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1914
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age 60
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May
19
comment In which direction does mud fly off a moving bike's tire & why?
At the moment the mud releases, the centripetal force matches the centrifugal force-that is what chooses the moment of release.
May
19
comment Why electric field inside charged conductor is zero in the electrostatic case
You can then apply Gauss' law to a surface just inside the outer surface of the conductor. There is no net charge inside the surface, no electric field inside the conductor, and no surface charge on the inner surface, so no E field inside.
May
19
comment Why electric field inside charged conductor is zero in the electrostatic case
@Algohi: you are approaching this question at the proper level. I would suggest ignoring quantum mechanics and the unit electron charge for this purpose. The point is that the charges in the conductor will distribute themselves so that the internal field is zero. You will get a minus charge next to each positive charge so there is no field going into the conductor. Your are correct that the conductor is neutral, so the positive charge must appear somewhere. It will be spread around the exterior surface in such a way that the field lines hit the conductor perpendicularly.
May
18
comment Why electric field inside charged conductor is zero in the electrostatic case
@JanHudec: This whole calculation ignores both quantum effects and the fact that electrons are indivisible. When we call something a "perfect conductor" we do that. Charges have to be able to move to eliminate the fields inside the conductor. We also don't worry about the thickness of the screening layer. These are all simplifying assumptions that are close enough for many practical purposes.
May
18
comment Why electric field inside charged conductor is zero in the electrostatic case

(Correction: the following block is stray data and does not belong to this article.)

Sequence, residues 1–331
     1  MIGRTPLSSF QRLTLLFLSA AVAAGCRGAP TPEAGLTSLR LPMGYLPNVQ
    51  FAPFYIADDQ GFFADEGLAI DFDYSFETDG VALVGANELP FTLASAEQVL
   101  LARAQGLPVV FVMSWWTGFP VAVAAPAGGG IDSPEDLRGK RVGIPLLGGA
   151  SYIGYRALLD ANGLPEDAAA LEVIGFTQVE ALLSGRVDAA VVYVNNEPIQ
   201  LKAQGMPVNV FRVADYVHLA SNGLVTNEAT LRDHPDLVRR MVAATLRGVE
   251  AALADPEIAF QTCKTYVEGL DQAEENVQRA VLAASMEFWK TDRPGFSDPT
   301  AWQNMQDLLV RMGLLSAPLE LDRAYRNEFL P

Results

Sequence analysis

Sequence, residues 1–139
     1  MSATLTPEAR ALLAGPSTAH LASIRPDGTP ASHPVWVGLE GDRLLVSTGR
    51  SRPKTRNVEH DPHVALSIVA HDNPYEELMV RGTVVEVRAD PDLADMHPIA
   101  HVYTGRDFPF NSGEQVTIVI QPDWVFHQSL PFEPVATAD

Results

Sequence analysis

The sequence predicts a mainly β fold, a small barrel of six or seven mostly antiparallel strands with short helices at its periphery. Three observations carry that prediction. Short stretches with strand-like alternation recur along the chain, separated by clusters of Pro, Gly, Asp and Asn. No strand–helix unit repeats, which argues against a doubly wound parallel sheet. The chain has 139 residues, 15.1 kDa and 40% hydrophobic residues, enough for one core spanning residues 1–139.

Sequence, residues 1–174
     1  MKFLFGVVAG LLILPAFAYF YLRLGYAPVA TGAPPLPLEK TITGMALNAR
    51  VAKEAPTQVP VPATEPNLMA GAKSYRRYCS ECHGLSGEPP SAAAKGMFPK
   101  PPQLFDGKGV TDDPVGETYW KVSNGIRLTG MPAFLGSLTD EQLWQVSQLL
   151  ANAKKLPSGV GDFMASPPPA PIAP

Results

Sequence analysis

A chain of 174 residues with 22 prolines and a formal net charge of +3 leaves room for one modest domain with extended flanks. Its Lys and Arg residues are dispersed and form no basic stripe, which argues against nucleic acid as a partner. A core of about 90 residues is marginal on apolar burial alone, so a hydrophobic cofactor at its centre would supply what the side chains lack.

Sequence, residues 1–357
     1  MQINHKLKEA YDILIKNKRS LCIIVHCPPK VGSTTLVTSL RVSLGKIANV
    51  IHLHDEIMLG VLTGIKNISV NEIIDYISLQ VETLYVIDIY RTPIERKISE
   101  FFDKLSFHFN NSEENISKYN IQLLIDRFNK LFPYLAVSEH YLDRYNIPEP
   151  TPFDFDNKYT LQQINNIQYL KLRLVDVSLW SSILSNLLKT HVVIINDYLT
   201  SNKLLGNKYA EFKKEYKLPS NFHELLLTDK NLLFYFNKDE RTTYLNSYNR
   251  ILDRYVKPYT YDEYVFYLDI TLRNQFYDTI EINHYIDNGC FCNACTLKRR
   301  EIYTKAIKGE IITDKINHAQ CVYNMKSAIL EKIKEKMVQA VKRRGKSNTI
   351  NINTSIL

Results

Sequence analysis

If the charges are embedded in a conductor, the charges don't matter any more. The conductor is an equipotential with that Q. If it is a spherical shell, the field inside is zero and the field outside is the same as if it were a point charge. If it has a more complicated shape, the field inside is still zero, but you need to solve Poisson's equation outside. Far away, the field will be similar to a point charge. The shape will introduce dipole, quadrupole, etc. moments, but those will die away with higher factors of $r$ than the square.
May
18
comment How hot would tritium water be?
Yes, the total energy gets split between the electron and anti-neutrino. The nucleus takes up the momentum and is so heavy it doesn't take up significant energy. Wikipedia says the total energy is 18.6 keV and the electron averages 5.7 keV-I had guessed it would get half.
May
18
comment How hot would tritium water be?
The energy deposition in the water should be cut in half because there is an anti-neutrino produced which does not deposit its energy in the water. A factor 2 does not change the conclusion much. Good answer.
May
9
comment Both Special and General Relativity carry long term unresolved paradoxes. Should not they now be “inconsistencies”?
There are two senses of paradox. One is a true inconsistency. If that were found, we would invalidate the theory it was found in. The other is a perceived paradox, like the twin paradox in SR. When you analyze it properly, there is no inconsistency, but it can be stated in a way that seems to be a paradox. As far as I know, there are no true inconsistencies in SR or GR. If you believe there is one, you should be specific about stating it and ask how or if it has been resolved.
May
7
comment Both Special and General Relativity carry long term unresolved paradoxes. Should not they now be “inconsistencies”?
Neither of these theories have paradoxes. Both have limits to their applicability. SR only works in inertial frames, but is approximately right if accelerations are small, which they often are. GR works in accelerated frames, and as far as we know it is perfect outside the quantum limit. What paradoxes are you referring to?